I’ve decided to discontinue the iCal gallery feed, partly because my glamourous assistant no longer has time to keep it going, and partly because the calendar format can’t do justice to the enormous amount of good stuff out there without looking jumbled up, even if we’re selective about what we include.
But all is not lost! There are a number of sites whose job it is to do what we can’t:
www.artrabbit.com is my favourite because it has so much stuff: pictures, links, printable maps, discussions, rankings, articles… You can log in and they’ll email you when events you’ve chosen are about to close. It’s free to list exhibitions and events (though it looks like they still some have editorial control), and the whole thing is very much in keeping with the wonderful world of Web 2.0 with its forums and user-defined favourites. The design is so wholeheartedly mac-inspired that you do start to think all there is out there is iArt, but it’s a small price to pay for a very comprehensive site which is constantly adding new features.
www.a-n.co.uk has now made their monthly What’s On listings page free, so non-subscribers can use it too. You still have to pay to be listed in it though, which means it isn’t a thorough representation of what’s out there. Either way the a-n site is worth getting to know if you’re not already familiar with it.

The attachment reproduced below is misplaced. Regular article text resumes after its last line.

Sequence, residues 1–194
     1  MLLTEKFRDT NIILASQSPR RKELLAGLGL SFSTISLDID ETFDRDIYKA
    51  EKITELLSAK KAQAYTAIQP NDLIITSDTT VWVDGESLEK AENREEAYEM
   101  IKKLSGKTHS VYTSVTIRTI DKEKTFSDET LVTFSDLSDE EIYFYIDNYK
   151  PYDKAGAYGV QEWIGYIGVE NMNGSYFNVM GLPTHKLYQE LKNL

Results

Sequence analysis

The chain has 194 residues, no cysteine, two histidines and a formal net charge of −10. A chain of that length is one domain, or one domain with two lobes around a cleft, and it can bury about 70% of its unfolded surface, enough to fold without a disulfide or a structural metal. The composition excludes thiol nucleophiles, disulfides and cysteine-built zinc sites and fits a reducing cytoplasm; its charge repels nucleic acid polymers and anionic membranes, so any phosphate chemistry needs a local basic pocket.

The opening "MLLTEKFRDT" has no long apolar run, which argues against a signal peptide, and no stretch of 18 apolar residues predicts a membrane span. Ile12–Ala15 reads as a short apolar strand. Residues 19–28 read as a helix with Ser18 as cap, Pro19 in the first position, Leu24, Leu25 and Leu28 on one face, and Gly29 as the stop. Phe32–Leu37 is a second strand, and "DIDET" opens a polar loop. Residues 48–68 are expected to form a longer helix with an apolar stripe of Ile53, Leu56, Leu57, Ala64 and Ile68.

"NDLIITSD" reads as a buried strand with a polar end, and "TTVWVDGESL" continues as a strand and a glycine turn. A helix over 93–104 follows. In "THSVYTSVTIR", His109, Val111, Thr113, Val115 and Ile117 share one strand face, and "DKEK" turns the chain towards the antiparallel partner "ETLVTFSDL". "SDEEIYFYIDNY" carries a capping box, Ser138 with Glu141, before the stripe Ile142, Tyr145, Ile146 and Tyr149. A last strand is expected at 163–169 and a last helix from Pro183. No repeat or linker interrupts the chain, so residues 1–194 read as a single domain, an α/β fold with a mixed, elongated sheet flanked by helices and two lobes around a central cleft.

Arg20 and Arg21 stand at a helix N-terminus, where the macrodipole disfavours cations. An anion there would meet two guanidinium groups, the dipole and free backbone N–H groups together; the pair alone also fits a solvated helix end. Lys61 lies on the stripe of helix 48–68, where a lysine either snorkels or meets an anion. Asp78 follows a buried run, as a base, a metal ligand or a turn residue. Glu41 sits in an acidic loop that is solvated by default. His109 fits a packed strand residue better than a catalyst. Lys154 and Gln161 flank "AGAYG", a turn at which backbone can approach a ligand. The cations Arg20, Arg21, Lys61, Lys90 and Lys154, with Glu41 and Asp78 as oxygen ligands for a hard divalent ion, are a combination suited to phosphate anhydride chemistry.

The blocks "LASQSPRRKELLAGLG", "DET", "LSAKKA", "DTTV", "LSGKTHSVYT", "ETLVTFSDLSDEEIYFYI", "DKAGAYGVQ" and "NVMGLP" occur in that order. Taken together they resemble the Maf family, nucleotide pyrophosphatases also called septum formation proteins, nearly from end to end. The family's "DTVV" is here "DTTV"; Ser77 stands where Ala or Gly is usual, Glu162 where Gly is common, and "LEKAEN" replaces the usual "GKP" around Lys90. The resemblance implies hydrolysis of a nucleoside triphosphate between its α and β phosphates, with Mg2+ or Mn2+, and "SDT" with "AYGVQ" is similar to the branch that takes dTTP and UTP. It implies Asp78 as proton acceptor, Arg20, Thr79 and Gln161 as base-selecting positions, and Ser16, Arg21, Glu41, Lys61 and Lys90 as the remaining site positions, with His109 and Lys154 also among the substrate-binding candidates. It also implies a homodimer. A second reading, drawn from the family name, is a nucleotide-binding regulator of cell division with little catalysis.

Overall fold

www.artmonthly.co.uk/list is just the cryptic listings page of Art Monthly pushed into a tight column online. It does the job in a very unfrilly way – no links, no nothing – though it does list shows from over the world. It’s free to advertise but limited space means they’re selective.
www.newexhibitions.com are better known (to me at least) for their printed map you can pick up for free in galleries. The website isn’t as pleasing but it’s very comprehensive, goes all over the UK, and lists other events like talks too.
www.artupdate.com leave their (much nicer) printed maps in galleries too, or you can pay for a subscription here. They’ve got 95 London galleries listed at the moment, and a miserable 2 in the rest of the UK.
Just to throw a spanner in the works, the ‘Exhibiting and Selling’ section of the brilliant www.artquest.org.uk site works the other way round, listing descriptions of the kind of work venues show to give artists an idea of how (and whether) to approach them. It’s nice to see ‘Live Art’, ‘New Media’ and ‘Lens Based’ in categories all of their own, for instance, and though the site doesn’t set out to tell you who’s showing when, if you find a place that interests you there are links to all the gallery sites.